On this episode of the Explicit Content Podcast, veteran podcaster Pamela Muldoon makes her return to the host role, along with Jeff Julian, to discuss this year’s takeaways from Content Marketing Wor…Read More
Evangelist. It has a religious connotation, doesn't it? Someone traveling the world, proselytizing, aiming to get people to convert to their system of beliefs. Clearly, I am not an evangelist in that sense. I sometimes stand behind or near a podium. The similarities end there.
My job, really, is that of an advocate and consultant. "Content Marketing Advocate" simply does not have the same ring to it. "Content Marketing Consultant" only describes half of it and besides, that title is so five years ago.
So what do I do and WHY would LinkedIn pay me to do it?
A Day in the Life of a Content Marketing Evangelist
Let's start with what. We'll take today as an example. No two days are alike of course, but today's schedule is slightly more appealing than others. A "Day in the Life" post about yesterday's activities would have been shorter and mostly filled with research for upcoming workshops and presentations. Today, however...
6:00 am: browse LinkedIn on mobile to find compelling examples of executive publishing and branded content. Find one but not the other. Make a mental note to keep reminding marketers to stop being so corporate and start acting like human beings. This is social media, after all.
7:00 am: I'll spare you any details. It can be boiled down to two hours of parenting and adulting.
9:00 am: regional catch-ups with teammates in Europe and Asia (yes, I have a team. There are about 10 content marketing evangelists at LinkedIn at the present. Shoot me a note if you love to facilitate workshops, consult brands across different industries on their strategy, and have a POV on the results that content marketing can bring to an organization.)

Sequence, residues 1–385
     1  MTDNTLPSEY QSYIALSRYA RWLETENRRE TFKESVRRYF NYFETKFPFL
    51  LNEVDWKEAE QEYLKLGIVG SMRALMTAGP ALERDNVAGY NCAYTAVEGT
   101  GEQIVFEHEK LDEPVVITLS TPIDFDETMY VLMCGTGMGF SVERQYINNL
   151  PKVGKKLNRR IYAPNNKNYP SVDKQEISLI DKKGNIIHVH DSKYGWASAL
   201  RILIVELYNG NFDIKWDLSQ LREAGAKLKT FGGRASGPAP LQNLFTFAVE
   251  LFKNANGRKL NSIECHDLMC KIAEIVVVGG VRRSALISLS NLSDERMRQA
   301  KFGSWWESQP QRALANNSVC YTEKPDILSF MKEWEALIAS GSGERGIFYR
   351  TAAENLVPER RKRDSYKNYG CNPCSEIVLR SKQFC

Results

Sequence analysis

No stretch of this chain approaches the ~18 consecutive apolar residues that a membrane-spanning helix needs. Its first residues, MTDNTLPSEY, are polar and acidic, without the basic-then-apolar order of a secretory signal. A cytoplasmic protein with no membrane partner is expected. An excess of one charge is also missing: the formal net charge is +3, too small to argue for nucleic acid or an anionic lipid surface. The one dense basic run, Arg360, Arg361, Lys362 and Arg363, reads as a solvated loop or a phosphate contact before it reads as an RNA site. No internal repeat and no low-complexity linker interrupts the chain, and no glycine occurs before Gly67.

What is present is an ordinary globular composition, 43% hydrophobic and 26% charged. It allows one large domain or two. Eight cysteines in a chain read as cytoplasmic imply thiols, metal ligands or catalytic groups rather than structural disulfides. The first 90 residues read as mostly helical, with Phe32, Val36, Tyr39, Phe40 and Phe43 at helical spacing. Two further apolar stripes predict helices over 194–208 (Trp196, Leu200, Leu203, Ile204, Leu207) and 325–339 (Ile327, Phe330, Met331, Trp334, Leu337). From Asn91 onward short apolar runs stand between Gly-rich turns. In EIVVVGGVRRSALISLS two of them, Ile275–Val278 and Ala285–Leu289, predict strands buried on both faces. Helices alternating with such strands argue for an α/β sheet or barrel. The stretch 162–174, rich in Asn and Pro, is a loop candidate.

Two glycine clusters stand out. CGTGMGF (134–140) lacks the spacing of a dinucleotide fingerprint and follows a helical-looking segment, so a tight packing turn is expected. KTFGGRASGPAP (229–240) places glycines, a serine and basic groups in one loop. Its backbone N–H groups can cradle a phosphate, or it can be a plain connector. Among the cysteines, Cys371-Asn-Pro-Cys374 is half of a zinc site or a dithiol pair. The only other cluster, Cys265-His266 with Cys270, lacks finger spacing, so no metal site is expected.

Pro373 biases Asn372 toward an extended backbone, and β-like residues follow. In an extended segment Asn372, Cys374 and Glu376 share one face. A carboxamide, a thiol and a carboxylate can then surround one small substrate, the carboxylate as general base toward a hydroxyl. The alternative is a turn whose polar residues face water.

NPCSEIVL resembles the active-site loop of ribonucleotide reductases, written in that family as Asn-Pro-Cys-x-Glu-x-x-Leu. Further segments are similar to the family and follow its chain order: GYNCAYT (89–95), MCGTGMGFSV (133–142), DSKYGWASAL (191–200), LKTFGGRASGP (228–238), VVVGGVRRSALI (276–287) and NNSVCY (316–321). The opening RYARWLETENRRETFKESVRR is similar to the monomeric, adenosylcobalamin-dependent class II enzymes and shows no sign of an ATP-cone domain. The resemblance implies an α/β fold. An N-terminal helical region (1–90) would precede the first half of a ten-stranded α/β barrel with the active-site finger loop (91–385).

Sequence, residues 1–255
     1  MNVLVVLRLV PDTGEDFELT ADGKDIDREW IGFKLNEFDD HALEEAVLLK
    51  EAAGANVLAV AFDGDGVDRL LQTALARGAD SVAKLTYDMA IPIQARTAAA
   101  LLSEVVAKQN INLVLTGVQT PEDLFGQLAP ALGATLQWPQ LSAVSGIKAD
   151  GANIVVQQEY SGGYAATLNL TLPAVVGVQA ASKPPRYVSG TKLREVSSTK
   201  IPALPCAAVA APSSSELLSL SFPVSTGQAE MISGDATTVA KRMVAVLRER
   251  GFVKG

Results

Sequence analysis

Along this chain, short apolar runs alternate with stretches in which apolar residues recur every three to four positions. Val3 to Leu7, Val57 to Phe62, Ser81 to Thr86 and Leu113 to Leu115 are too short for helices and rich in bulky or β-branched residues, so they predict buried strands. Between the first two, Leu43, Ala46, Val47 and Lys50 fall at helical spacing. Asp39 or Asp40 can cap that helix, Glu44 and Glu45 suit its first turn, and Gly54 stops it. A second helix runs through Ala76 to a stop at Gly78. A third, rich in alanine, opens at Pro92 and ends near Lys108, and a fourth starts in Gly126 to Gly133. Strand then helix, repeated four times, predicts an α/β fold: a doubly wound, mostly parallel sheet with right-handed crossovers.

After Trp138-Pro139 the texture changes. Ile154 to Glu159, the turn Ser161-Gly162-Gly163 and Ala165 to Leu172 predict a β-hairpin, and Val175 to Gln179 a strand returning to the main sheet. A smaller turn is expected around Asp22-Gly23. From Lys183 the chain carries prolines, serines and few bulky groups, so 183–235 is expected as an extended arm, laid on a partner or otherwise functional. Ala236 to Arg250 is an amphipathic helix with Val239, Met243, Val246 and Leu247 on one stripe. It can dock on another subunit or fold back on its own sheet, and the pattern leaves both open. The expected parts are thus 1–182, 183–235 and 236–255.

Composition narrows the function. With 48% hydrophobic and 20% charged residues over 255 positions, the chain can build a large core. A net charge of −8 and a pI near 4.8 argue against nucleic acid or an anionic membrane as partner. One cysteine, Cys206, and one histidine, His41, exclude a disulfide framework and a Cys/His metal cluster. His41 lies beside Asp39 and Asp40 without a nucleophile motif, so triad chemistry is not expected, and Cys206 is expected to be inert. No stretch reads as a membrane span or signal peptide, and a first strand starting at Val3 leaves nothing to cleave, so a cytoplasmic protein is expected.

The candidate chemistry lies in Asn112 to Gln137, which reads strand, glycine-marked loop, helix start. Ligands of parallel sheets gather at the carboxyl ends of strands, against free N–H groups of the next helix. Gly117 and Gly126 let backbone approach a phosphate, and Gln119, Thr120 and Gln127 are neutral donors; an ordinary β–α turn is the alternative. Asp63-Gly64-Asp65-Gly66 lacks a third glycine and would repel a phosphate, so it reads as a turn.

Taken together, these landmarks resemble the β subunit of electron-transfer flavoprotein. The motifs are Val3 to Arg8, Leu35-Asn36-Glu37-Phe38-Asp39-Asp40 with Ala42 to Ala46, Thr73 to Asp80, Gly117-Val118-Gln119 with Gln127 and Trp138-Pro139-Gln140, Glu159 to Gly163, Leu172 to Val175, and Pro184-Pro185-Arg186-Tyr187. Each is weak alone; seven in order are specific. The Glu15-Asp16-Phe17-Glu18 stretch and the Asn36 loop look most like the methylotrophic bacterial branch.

10:00 am: reply to a prompt from LinkedIn that my last post only amassed 157 clicks. Check publishing feed and realize I've not written much this year. Click on "drafts." Hence, this article.
11:00 am: a run-through of a promotional video for the next Content Masterclass event. I do more than evangelize content, you see. I produce it too.
1:00 pm: consultation with a CMO on best practices for publishing on LinkedIn
4:00 pm: internal training on the latest integrations for Lead Gen Forms. As LinkedIn plays better with a marketer's technology stack, my job of helping clients make the most of the platform becomes more interesting.
6:00 pm: attend the latest One Question debate on the topic "what does brand really mean?". Since part of my job involves speaking at marketing conferences, I am always thrilled to attend events that bring in perspectives outside my own industry. One Question is such an event.
That about covers the "what I do" part of the equation. Consults, education, inspiration. Challenging marketers to do things differently, to do them better. To make meaningful connections with audiences through great content.
Why an evangelist?
Now, why does LinkedIn have a global team of content marketing evangelists?
The short, cheeky answer is this: to keep bad content off LinkedIn. That's my personal goal anyway.
A much more articulate answer would be: to help marketers create a mutually beneficial approach to marketing on LinkedIn through developing a content strategy that informs, entertains and inspires.
Companies possess a wealth of knowledge. Rather, their employees possess a wealth of knowledge. On my best days, I get to teach marketers how students and professionals are using LinkedIn. We (me and the client and agency) work together to map messaging and content to the professional mindset. The benefits are twofold: members get better content in their feed, and marketers are rewarded with better engagement that drives real business results.
In my workshops, it always helps if everyone in the room has a fundamental understanding of the content ecosystem on LinkedIn. For that, check out the brilliance that is the LinkedIn Marketing Solutions blog.
tagged with: Content Marketing